We're getting drones--but balancing benefits and privacy lead concerns


By Patsy Nicosia

The Schoharie County Sheriff’s Office is getting a couple of drones—something that will be flown in partnership with the Fire Coordinator’s Office for use in things like search and rescue, accident reconstruction and investigations.
But first, the Sheriff’s Office needs a policy detailing how to use the drones while making sure privacy issues are addressed.
Sergeant Zach Reinhart and Deputy Dan Smith brought a copy of their draft drone policy to the first meeting of the Citizens Collaborative Committee Monday.
Lois Goblet was named to chair the effort, created after the state-mandated review of law enforcement policies wrapped up in March as a way to continue “that transparency and get that trust out in the community,” she said.
They got straight to work.
The drones will be funded by a federal grant.
Training will be a critical piece of making them effective, Sheriff Ron Stevens said; the time for that as well as the time needed to develop a policy, for paperwork, and to take delivery of the drones means they’re not expected to be up and running until April 2022.
Deputy Smith, who’s already licensed by the FAA to operate drones, will be the chief pilot and he hopes to train and certify a couple of other deputies to operate them as well, he said.
“If they’re not used properly, they might be used improperly and faulty to a case,” Sheriff Stevens said, as he and deputies talked about when they’d be called in.
One of the most obvious uses of the drones, they said, would be for search and rescue.
For example, the search for a missing Delaware County hiker in May took three hours.
A drone, deputies said, could have covered that same terrain in 20 minutes.
Along the same lines, the drones could be called in for things like train derailments or fires or bridge inspections or for accident reconstruction—something deputies said the State Police can no longer come out and do.
Where things start to get sticky is when they’re used for criminal surveillance.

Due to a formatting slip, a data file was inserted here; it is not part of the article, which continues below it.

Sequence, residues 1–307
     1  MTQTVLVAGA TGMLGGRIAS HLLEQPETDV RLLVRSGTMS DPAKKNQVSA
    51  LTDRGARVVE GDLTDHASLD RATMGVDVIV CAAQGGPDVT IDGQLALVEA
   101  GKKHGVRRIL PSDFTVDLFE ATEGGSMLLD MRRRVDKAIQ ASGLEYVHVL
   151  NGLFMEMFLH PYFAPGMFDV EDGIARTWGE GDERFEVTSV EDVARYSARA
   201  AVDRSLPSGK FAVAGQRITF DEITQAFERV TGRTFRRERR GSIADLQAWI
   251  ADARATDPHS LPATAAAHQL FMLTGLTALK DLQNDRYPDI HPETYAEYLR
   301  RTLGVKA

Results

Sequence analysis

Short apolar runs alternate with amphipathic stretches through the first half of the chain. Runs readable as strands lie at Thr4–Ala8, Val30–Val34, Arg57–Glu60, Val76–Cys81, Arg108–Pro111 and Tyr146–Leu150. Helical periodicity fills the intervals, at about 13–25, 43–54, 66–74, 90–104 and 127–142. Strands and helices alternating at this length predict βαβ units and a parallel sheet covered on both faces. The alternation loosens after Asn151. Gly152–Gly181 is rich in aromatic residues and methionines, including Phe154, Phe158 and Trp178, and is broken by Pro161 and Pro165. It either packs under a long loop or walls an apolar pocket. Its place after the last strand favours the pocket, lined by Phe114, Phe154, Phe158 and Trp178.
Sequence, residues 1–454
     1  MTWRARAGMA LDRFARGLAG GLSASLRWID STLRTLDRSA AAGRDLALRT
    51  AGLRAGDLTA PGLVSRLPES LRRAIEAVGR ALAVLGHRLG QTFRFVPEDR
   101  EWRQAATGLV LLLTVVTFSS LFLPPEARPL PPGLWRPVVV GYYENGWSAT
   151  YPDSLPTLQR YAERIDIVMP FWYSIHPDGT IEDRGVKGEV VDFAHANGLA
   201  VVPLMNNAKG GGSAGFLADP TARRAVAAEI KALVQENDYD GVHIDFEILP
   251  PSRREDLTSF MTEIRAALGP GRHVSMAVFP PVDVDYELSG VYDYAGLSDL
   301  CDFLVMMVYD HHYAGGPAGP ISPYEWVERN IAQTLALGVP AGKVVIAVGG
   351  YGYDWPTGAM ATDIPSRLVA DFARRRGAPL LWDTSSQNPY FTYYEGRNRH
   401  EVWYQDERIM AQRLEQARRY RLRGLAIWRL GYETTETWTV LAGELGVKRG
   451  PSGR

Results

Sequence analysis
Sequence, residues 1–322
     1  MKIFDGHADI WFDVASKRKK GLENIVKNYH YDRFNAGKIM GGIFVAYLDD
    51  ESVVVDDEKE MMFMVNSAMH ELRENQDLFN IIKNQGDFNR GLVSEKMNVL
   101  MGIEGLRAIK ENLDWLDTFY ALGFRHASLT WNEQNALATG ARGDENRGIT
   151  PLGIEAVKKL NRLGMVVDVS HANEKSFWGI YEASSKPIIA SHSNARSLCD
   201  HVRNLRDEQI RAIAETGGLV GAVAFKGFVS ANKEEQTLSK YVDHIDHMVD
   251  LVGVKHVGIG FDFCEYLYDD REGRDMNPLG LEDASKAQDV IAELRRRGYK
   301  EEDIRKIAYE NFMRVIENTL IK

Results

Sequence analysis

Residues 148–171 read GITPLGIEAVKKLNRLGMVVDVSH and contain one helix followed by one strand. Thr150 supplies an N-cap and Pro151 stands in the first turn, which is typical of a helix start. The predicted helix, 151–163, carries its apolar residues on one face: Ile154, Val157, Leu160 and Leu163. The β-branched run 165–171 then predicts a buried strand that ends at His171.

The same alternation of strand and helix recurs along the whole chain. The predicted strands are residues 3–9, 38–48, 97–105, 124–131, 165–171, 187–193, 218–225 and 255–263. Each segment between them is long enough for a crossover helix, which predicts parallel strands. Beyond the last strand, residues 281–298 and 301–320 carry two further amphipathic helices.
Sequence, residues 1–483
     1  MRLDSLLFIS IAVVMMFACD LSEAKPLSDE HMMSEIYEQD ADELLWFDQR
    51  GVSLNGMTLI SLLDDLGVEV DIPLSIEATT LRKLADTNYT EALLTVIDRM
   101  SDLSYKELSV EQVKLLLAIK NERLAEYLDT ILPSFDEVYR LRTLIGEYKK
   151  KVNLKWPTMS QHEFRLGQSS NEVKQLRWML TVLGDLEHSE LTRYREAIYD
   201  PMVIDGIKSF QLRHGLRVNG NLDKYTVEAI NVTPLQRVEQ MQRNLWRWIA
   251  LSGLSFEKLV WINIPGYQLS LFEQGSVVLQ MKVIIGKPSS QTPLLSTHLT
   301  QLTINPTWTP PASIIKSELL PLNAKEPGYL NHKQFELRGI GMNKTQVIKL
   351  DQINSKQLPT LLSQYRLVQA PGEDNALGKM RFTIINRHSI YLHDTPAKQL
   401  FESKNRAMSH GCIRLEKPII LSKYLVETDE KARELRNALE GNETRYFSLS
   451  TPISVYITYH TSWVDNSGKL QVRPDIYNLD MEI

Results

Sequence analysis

“I’d like to maximize the benefits, balanced with privacy,” said CCC member Ray Richards.
Under the draft policy, probable cause warrants or the “consent of an appropriate party,” would be required “where there are specific…grounds to believe that the drone will collect evidence relating to a specific instance of wrongdoing or if the drone will intrude upon reasonable expectations of privacy…”
The drones won’t be flown for “general surveillance,” deputies said and pointed to how the City of Troy used drones during protests last summer: not to identify specific protestors, but to get ahead of the crowd and shut down roads as it moved through the city.
The draft drone policy expands on the one offered by Lexipol, the Texas-based company that helps police and others develop a wide range of policies, adding in pieces that address privacy concerns that come from the American Civil Liberties Union, Sergeant Reinharts said.
Answering questions from the CCC, deputies said training exercises would probably be conducted over county-owned properties and neighbors would be notified.
And if they stumbled upon illegal activities while using the drones for other purposes?
“We’d have to stop and get a search warrant,” Deputy Smith said.
“This is just a new technology,” added Sheriff Stevens, “not so different from what we went through with computers.”
Depending on the cost, the Sheriff’s Office is looking to get two drones, one for daytime use and one for night.